“Men, do your duty.”
If history has any say in the matter, that duty entailed killing upwards of 100 thieves and murderers (in the day, road agents, one of whom was the local sheriff) by what came to be known as Montana’s Alder Gulch Vigilantes.
A passion for Western history prompted the Boveys to buy the first of over 100 mostly abandoned houses and shops in Virginia City following their initial visit to the area in 1944. Recognizing the importance of preserving Montana’s heritage and history, Bovey enlisted the help of historians and local citizens to save the town from self-destruction (many of the empty, old dilapidated buildings were systematically being used for scrap lumber or for firewood).
Holy history! Time can be such a brutal beast.
Of course, not all those zeroes belonged to Bill Fairweather. Seems Bill and his five prospecting buddies had a hard time keeping a lid on their good fortune. And just like that, in the time it takes to rustle up some grub, upwards of 10,000 people were camped out along a 14-mile stretch of Alder Gulch under Montana's Big Sky or in mud huts, ramshackle tents and lean-to shacks.
Seems all that gold even caught the attention of the federal government and one Abraham Lincoln, then President of the United States; a Civil War raging on the east coast made Virginia City’s gold very attractive to both sides. Did I mention the great majority of the Territory’s inhabitants were secessionists?
As the story goes, the claim filed on June 16, 1863 to establish a township in the midst of all the mining activity was to bear the name Varina. Varina Howell Davis was the first and only First Lady of the Confederate States of American, wife of Jefferson Davis, then President of the Confederate States. Seems Dr. Gaylord Bissell, the Connecticut judge (and staunch Unionist) entrusted with recording the deed, objected to the choice. Records of that transaction bear the city name Virginia. Ah, yes, the pen is always mightier than the sword.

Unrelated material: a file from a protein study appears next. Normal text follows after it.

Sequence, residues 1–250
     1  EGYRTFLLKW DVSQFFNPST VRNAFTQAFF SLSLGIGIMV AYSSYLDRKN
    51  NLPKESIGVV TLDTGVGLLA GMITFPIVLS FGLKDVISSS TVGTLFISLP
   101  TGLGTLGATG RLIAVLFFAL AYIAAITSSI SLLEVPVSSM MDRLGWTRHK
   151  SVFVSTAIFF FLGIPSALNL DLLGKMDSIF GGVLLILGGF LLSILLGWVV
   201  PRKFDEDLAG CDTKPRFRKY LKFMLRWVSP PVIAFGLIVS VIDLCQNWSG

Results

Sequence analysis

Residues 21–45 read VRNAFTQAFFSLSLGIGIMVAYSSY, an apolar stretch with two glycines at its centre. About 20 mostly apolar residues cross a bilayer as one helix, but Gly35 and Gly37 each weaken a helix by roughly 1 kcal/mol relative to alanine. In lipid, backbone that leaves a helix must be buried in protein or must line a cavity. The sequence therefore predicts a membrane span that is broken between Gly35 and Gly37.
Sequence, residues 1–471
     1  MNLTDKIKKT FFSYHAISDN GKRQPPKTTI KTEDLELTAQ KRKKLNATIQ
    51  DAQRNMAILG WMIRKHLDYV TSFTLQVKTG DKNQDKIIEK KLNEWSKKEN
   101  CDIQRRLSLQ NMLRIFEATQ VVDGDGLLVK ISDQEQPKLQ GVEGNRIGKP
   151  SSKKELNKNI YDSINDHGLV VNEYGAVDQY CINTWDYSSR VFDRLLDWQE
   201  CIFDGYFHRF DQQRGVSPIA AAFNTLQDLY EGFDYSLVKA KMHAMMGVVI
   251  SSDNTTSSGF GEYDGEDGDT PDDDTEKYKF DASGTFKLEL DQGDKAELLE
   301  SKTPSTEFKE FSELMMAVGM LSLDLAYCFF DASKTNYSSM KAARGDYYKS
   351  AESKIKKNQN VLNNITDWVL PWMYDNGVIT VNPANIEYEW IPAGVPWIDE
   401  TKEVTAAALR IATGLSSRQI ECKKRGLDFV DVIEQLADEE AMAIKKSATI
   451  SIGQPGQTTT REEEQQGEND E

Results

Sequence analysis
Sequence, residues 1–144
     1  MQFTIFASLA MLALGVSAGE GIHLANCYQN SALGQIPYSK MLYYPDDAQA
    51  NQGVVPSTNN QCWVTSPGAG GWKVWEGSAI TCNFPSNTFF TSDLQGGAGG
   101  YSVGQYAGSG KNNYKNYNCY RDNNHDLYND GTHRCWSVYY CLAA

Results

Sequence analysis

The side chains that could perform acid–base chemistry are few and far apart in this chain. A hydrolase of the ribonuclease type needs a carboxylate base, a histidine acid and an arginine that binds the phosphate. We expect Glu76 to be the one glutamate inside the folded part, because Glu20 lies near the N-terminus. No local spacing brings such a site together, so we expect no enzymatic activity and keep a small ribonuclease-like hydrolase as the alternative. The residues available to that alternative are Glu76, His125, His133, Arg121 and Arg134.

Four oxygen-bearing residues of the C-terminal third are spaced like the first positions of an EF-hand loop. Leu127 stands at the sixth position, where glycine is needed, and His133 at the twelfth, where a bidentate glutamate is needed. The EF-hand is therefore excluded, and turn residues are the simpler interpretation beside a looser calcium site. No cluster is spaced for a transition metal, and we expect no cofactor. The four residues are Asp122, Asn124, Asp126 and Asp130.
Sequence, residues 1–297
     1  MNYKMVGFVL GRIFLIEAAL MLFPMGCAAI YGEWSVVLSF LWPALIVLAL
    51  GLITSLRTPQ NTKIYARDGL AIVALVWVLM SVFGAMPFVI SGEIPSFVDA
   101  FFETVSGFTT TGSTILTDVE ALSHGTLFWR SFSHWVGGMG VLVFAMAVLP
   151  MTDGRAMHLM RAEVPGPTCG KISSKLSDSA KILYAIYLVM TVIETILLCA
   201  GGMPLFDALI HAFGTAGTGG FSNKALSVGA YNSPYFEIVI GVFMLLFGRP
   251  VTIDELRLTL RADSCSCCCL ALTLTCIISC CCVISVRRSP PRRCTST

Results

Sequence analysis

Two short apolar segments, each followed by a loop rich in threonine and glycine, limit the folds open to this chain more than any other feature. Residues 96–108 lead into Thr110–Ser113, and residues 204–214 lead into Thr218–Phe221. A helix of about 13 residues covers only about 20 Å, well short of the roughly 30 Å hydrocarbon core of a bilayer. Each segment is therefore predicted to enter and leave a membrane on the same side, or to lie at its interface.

Between June, 1863 and May, 1864, the battle for Virginia City’s gold also ensued between Virginia City “road agents” and the secret organization known as the Montana Vigilantes. Travelers heading into and out of Virginia City with all that gold were easy prey for thieves and murderers thought to be part of Sheriff Henry Plummer’s gang from nearby Bannack. With the law on their side, justice hardly prevailed.
Enter frontier justice on December 23, 1863. The secret organization of Montana Vigilantes followed the model of the San Francisco Committee of Vigilance. Sheriff Plummer was hanged on January 10, 1864. With the ensuing deaths of more than 20 members of his “Innocents” gang, order was restored, at least as much as could be expected in the Wild West.
By October, 1864, Hezekiah L. Hosmer, a lawyer from Ohio, arrived to serve as the first Chief Justice for the Territory of Montana. On December 6, 1864, in a bold move, Hosmer announced during a Grand Jury session in Virginia City that the vigilantes had served their purpose and from this day forward unilateral actions by the vigilantes would be considered criminal acts.
In a nod to Montana’s vigilante justice, the mysterious combination of numbers associated with the vigilantes, 3-7-77, were added in 1956 to the patch worn by Montana Highway Patrol troopers. The following was lifted directly from the website, Association of Montana Troopers.
Another theory is that the numbers represent certain persons in the group from their earlier days in the mining camps of California. Most of the Vigilantes came from California and followed the gold from there to Montana. Many of the Montana miners had belonged to vigilante organizations in California where only numbers were used. This theory indicates that three prominent California vigilantes (3, 7, and 77) came to Montana and offered their expertise. This same theory applies to Colorado as well.
A third theory explains that the numbers signify the vocations of persons involved in the organization: 3 lawyers, 7 merchants, and 77 miners.
Perhaps one of the most well-known theories is that the Vigilantes were formed by the Masonic order. In this theory, 3 represents the number present at the first Masonic meeting in Montana, 7 the quorum, and 77 signified the number of Masons present at the first activity in the Territory, the funeral of Brother William Bell (Bell was the 77th Mason present).
Here's to another 150 years, Virginia!
You Might Also Like: